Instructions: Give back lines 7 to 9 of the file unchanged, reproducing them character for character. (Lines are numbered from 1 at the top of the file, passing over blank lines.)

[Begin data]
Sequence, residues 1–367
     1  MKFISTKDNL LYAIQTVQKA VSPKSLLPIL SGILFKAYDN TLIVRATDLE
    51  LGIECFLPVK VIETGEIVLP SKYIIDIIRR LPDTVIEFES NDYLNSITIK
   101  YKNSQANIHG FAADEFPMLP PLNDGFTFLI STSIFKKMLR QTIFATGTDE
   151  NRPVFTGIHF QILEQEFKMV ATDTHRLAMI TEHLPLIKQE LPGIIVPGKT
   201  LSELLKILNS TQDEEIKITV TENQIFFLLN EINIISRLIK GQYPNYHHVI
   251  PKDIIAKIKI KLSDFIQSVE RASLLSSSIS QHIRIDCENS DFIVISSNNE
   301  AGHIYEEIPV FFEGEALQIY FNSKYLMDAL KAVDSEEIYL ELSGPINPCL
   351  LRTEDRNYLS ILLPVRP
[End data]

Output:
   251  PKDIIAKIKI KLSDFIQSVE RASLLSSSIS QHIRIDCENS DFIVISSNNE
   301  AGHIYEEIPV FFEGEALQIY FNSKYLMDAL KAVDSEEIYL ELSGPINPCL
   351  LRTEDRNYLS ILLPVRP